The Shell has environment variables which determine its behavior. Exported environment variables are also popular ways of making an application change its behavior. These environment variables can be loaded or ‘sourced’ using the source builtin command or ‘.’ notation. In this post, I will share a particular problem I encountered while sourcing environment variables I saved in a .envrc file.

Problem – sourcing .envrc was not loading the right environment variables, including ‘. envrc’. Renaming .envrc to any other file works though.

[daniel@kauai tmp]$ cat .envrc 
NAME='Jhon Doe'
[daniel@kauai tmp]$ source .envrc 
[daniel@kauai tmp]$ echo $NAME
Alice Bob

As you can see, the variable NAME was set to ‘Jhon Doe’ and yet after sourcing .envrc, NAME is showing ‘Alice Bob’! Renaming the file seems to resolve the issue –

[daniel@kauai tmp]$ source .envrcs 
[daniel@kauai tmp]$ echo $NAME
Jhon Doe

Troubleshooting using strace – I followed the tips on ‘is-it-possible-to-strace-the-builtin-commands-to-bash’ to strace ‘source’. Stracing shell builtins is not straight forward. After looking at the output, I found out that the shell builtin source was actually reading the .envrc from a different directory, not my current working directory! The directory it was sourcing from was one of the directories in $PATH environment variables.

Read the man pages – Looking at the man page for bash, under the section for source command –

source filename [arguments]
Read and execute commands from filename in the current shell environment and return the exit status of the last command executed from filename. If filename does not contain a slash, file names in PATH are used to find the directory containing filename. The file searched for in PATH need not be executable. When bash is not in posix mode, the current directory is searched if no file is found in PATH. If the sourcepath option to the shopt builtin command is turned off, the PATH is not searched. If any arguments are supplied, they become the positional parameters when filename is executed. Otherwise the positional parameters are unchanged. The return status is the status of the last command exited within the script (0 if no commands are executed), and false if filename is not found or cannot be read.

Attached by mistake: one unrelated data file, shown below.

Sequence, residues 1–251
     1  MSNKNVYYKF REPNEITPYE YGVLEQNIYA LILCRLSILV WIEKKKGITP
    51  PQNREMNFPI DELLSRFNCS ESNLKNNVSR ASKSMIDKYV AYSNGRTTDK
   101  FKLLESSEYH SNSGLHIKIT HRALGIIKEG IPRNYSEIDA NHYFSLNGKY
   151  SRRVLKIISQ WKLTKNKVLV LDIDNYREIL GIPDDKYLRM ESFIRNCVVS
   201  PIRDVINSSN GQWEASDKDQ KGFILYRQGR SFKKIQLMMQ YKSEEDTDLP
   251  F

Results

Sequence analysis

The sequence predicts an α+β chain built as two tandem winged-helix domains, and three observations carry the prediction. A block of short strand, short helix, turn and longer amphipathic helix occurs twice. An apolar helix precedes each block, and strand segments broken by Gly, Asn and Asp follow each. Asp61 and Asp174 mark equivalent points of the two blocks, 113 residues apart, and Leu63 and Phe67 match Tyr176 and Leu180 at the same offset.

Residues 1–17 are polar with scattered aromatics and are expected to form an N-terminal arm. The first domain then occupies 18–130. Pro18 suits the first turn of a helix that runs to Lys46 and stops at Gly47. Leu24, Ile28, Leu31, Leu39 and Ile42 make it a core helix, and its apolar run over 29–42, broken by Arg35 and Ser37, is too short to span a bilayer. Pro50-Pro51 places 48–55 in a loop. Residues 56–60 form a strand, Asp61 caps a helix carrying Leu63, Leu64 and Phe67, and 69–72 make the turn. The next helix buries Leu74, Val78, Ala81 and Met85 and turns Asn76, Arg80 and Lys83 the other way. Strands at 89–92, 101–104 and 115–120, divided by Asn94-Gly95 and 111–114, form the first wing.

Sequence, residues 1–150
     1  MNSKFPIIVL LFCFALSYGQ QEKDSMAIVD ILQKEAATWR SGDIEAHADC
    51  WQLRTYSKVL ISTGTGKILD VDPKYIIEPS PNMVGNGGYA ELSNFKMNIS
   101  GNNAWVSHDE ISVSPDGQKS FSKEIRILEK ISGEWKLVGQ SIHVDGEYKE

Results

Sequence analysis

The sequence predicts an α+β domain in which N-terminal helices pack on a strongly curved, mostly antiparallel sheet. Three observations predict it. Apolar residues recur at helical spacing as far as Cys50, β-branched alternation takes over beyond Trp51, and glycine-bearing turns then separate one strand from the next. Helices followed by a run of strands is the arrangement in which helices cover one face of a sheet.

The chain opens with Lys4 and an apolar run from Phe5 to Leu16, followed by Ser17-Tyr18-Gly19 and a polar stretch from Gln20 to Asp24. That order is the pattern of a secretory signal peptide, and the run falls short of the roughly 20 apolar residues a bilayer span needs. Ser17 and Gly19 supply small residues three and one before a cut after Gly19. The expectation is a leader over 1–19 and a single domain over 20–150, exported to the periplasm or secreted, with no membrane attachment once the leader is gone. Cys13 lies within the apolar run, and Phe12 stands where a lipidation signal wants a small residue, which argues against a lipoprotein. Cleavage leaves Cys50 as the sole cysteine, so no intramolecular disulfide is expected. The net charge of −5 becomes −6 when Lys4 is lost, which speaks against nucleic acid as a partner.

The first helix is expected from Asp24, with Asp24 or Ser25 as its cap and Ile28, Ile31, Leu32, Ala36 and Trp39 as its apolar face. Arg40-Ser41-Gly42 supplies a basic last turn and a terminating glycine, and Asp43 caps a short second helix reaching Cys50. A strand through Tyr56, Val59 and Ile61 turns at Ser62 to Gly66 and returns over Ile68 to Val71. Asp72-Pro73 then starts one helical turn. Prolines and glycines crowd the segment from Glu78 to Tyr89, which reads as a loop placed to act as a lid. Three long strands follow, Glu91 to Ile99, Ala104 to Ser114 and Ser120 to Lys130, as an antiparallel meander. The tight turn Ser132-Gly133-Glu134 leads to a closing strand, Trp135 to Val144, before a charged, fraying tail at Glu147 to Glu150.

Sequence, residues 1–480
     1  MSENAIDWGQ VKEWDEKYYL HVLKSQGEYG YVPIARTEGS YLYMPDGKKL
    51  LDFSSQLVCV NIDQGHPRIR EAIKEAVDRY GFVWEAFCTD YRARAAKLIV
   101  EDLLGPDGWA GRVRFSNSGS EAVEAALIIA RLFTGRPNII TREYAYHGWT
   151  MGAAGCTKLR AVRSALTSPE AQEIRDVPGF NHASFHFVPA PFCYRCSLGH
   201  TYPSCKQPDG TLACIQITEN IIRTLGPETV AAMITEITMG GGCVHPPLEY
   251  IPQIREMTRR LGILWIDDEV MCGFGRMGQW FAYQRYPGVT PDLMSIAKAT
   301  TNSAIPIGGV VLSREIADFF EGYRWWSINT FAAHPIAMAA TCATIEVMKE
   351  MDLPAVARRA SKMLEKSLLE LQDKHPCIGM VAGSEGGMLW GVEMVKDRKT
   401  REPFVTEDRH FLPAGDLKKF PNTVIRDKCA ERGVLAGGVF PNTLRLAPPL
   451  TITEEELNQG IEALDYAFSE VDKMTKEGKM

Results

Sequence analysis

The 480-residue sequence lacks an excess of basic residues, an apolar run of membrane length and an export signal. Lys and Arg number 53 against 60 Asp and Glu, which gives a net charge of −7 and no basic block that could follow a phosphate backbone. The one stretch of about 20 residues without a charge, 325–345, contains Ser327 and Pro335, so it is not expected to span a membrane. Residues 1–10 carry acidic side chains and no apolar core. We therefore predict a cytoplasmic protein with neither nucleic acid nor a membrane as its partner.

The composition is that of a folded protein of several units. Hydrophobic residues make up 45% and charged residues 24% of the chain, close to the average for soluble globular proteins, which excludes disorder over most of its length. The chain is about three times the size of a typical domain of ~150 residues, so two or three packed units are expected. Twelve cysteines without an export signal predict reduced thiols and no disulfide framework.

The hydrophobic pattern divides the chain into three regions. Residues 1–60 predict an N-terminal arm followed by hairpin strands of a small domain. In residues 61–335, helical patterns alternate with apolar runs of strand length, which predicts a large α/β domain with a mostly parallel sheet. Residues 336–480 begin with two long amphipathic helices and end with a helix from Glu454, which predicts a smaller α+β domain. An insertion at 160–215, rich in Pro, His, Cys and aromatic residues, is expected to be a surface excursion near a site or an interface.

Apparently this is an expected behavior. If I hadn’t a .envrc file in one of the $PATH directories, this would have been fine. In this case, there are several solutions –

1. Remove .envrc from $PATH directories [not the best option ]
2. Rename .envrc to a different file [ not ideal either ]
3. When sourcing the file, use absolute path [ good practice ]

[daniel@kauai tmp]$ echo $NAME
Alice Bob
[daniel@kauai tmp]$ pwd
[daniel@kauai tmp]$ source /tmp/.envrc 
[daniel@kauai tmp]$ echo $NAME
Jhon Doe

4. When sourcing the file, add slash(‘/’), for instance – source ./.envrc [ good practice ]
5. Disable sourcepath shell option [ not bad idea ]

[daniel@kauai tmp]$ shopt sourcepath
sourcepath     	on
[daniel@kauai tmp]$ shopt -u sourcepath
[daniel@kauai tmp]$ source .envrc 
[daniel@kauai tmp]$ echo $NAME
Jhon Doe

Bottom line – Make sure you understand how environment variables sourcing or loading works in bash and you follow good practices, so that you won’t wast precious hours trying to figure out why your script is behaving strangely.